Diwali, the five-day festival observed throughout India by Hindus, Sikhs, and Jains, holds a shared symbolism for all who celebrate: “That light overcomes darkness, good overcomes evil, and knowledge overcomes ignorance,” says Veda Sankaran, recipe developer and creator of Jalsa by Veda spice mixes. One of the several origin stories about Diwali is that it commemorates King Rama’s rescue of his kidnapped wife Sita, one of the major storylines in the world’s most ancient epic poem, the Ramayana. When Rama and Sita return home to live happily ever after, the citizens of their land welcome them by lighting tiny oil lamps all over the ancient city of Ayodhya.
The word Diwali is derived from the ancient Sanskrit word deepavali, which translates to “a cluster or line of lamps,” or diyas. Throughout the holiday, these clay oil lamps are still lit around the home.
Sankaran, who is from the state of Tamil Nadu in South India, emphasizes the diversity of celebrations across India depending on language, culture, and region. For example, “Most people know it as Diwali, but I grew up saying, ‘Happy Deepavali!’ she says. “Like most holidays around the world, it’s centered around family and food. New clothing is gifted, food is shared, and in the evening, firecrackers and sparklers are set off.”
Traditions focus on the preparing and sharing of sweets. In South India, “we usually start our meals with the dessert,” says Sankaran, which is why they’re featured here first. She also notes that Indian desserts are often time-consuming to prepare, and her time-saving approach is non-traditional — but just as delicious.
This dish starts with masala made from a bevy of toasted and ground spices: red chili, coriander, cumin, green and black cardamom, bay leaf, cloves, fennel, star anise, black peppercorn, amchur, cinnamon, and turmeric. Sautéed onions, ginger, garlic, green chili, and tomatoes round out the chickpea stew, served with bhatura, a puffy fried bread made from all-purpose flour “with a little semolina added for crispiness.”
For the masala:
6 red chilis
1 tbsp cumin seeds
2 black cardamom pods
4 green cardamom pods
1 large bay leaf
1 tsp fennel seeds
1 small star anise
1 tbsp black peppercorns
1 2 ½-inch piece cinnamon
6 tsp coriander powder
1 tsp turmeric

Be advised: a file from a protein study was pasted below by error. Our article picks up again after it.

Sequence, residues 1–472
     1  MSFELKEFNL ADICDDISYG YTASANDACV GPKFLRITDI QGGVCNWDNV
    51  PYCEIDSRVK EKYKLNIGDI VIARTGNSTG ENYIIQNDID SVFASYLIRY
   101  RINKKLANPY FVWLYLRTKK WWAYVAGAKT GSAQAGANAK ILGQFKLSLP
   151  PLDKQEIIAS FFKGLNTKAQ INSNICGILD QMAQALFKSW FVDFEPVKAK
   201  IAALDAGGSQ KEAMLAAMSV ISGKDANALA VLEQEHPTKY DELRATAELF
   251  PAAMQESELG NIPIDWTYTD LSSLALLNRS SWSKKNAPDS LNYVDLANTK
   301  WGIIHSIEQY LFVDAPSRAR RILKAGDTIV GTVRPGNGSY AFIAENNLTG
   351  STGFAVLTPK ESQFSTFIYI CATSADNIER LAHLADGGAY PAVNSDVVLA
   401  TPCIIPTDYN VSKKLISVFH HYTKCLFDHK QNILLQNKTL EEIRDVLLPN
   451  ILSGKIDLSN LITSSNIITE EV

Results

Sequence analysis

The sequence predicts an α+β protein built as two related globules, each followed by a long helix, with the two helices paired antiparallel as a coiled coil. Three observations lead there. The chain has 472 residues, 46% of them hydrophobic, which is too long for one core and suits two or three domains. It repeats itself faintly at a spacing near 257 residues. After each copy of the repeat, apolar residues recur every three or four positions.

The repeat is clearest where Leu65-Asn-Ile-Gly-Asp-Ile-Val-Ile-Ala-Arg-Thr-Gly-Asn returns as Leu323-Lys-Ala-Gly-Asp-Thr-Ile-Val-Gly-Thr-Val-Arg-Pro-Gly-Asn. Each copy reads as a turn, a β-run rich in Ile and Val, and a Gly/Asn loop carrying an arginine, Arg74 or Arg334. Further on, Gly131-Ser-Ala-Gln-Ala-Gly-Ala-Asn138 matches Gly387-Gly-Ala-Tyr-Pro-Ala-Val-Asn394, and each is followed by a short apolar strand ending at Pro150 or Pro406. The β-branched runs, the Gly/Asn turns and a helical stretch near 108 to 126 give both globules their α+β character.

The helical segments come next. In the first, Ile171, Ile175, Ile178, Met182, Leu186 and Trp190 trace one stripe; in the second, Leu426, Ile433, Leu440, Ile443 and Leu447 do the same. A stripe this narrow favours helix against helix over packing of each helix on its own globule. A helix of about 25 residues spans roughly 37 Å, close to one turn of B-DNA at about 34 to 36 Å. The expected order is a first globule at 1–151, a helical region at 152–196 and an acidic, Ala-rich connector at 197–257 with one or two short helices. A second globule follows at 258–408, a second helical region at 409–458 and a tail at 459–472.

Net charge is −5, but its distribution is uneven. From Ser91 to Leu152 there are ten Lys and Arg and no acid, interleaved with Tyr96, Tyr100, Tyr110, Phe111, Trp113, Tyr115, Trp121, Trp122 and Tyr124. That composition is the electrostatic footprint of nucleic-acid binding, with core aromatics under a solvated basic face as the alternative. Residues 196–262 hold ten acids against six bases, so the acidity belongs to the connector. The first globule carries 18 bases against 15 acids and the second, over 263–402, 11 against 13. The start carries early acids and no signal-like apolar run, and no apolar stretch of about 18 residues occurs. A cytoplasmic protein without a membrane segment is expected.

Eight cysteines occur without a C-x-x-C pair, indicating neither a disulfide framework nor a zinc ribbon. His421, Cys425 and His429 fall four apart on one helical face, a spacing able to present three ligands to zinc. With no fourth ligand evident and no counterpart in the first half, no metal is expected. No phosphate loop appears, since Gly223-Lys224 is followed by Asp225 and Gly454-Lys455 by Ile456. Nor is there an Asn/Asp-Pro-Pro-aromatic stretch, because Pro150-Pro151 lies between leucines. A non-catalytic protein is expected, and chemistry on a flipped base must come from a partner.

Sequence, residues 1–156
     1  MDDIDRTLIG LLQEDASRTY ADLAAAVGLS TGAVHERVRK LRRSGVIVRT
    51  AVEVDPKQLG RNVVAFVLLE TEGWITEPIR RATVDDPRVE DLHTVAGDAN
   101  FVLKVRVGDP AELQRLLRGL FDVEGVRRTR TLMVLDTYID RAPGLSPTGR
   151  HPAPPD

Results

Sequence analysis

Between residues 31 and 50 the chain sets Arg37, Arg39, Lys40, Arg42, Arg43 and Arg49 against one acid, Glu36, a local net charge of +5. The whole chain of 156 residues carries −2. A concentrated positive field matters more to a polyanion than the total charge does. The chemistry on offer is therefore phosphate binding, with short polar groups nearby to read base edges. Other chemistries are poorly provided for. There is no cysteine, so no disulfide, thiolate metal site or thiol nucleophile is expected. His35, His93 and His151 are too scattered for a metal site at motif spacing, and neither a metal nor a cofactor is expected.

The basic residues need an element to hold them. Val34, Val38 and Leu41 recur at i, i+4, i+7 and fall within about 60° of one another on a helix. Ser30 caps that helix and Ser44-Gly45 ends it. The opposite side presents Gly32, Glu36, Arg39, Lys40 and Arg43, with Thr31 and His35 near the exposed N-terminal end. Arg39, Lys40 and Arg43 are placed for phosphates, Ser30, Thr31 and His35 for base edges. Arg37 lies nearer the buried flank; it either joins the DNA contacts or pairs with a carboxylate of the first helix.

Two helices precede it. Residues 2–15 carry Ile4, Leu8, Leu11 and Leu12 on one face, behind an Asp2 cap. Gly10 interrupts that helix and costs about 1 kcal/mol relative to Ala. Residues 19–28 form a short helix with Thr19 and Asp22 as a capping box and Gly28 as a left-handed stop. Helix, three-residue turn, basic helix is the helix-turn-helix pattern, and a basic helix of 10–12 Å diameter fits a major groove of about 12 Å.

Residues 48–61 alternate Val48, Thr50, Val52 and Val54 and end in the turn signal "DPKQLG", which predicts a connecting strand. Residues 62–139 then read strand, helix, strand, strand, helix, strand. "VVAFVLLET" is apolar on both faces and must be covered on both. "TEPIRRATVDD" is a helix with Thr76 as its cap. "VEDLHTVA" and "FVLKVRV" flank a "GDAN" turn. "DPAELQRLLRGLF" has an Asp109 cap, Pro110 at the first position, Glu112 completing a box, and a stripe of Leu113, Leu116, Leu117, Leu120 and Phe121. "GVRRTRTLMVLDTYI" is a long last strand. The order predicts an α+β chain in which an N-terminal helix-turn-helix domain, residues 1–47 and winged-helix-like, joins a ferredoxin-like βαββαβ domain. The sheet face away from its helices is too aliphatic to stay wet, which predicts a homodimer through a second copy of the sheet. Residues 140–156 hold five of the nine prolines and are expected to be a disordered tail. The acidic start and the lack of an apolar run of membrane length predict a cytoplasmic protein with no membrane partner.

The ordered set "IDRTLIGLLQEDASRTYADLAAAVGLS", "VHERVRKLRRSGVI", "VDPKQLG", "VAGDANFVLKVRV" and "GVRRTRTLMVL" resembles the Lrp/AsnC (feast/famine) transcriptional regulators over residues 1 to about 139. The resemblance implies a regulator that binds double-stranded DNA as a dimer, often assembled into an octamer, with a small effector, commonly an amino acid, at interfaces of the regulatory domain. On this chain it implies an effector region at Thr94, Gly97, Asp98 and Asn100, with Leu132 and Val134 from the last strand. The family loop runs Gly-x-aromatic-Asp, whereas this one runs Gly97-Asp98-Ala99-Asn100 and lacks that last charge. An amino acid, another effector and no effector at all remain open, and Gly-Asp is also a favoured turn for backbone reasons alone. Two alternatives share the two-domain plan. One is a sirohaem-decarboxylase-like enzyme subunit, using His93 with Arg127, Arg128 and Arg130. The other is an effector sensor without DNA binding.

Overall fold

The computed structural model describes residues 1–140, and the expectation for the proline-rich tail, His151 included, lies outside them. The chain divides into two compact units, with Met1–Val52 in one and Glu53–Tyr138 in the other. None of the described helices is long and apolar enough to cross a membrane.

1 ½ tsp amchur powder
Dry-roast all the spices except the coriander powder, turmeric and amchur powder. After cooling and finely grinding the spices, stir in the coriander, turmeric, and amchur powders. There will be enough masala to make the chole at least 3 times. Store in an airtight container.
For the chole:
2 tbsp oil
2 green chilies sliced vertically
1 large onion finely chopped
1 tsp grated ginger
1 tsp crushed garlic
1 tbsp ground masala
1 14.5 oz can diced tomatoes
1 15.5 oz can chickpeas
1 cup water
Salt to taste
2 tsp ghee
Heat a pan and add 2 tablespoons of oil. Once heated, place in the split green chilies, followed by a little of the chopped onions, the ginger, and garlic. Stir and then add the remaining chopped onions with a little salt.
Cook, stirring occasionally until onions become lightly golden, approximately 4-5 minutes on medium heat. At this stage, add the tablespoon of the ground masala. Stir and within 30 seconds or so, add the chopped tomatoes. Use the side of your spoon to crush the tomatoes.
Cook until tomatoes darken in color and raw masala smell goes away, continuing to crush the tomatoes with your spoon. After 10-12 minutes, place in the chickpeas with 1 cup of water, stir and cover. Lower heat and simmer for 15-20 minutes, occasionally uncovering to stir and smoosh some of the chickpeas. Place in the ghee at the end before removing from the heat, serve with bhatura or chapatis.
Note: To reduce the spiciness, simply reduce the number of red chilis in the masala and reduce or omit the green chili
2 cups all-purpose flour
2 tbsp fine semolina
1/2 tsp baking powder
1/4 tsp baking soda
1/2 tsp salt
1 tbsp sugar
2 tbsp oil
4 tbsp room-temperature milk
1/2 cup plain yogurt
1. Add all dry ingredients into a large-mouthed, shallow bowl.
2. Stir together using your fingers or a fork. Then, pour in the oil, using your fingers to incorporate.
3. Next, pour the milk in a little at a time to bring the mixture together. Place in the yogurt by the spoonful, working it into the flour between each spoonful to form a dough ball.
4. Knead the dough for 8-10 minutes until the dough is smooth. Use the heels of your hands to roll and knead. The dough should not be too dry or too sticky.
5. Cover with a damp paper towel or cloth and place in a warm place for at least an hour or up to 3 hours.
6. Divide the dough into 8-10 balls depending on what size you want the bhatura to be, cover again, and let sit for 10 more minutes.
7. When ready to prepare, roll into circles that are not too thick. Don’t roll too many at the same time as the dough will dry out.
8. Heat oil and place one of the rolled-out dough circles in the oil, spooning the hot oil over it. Use your spoon to lightly press on the dough as this will help the bhatura to puff up. Flip the bhatura over once to evenly cook the other side.
9. Remove and place on a paper towel-lined plate to drain off any excess oil. Serve immediately.
RECIPES AND STYLING BY VEDA SANKARAN / STORY BY NICOLE BARLEY / PHOTOGRAPHY BY DAVE BRYCE
Don’t miss a single delicious thing:
Subscribe to TABLE Magazine here!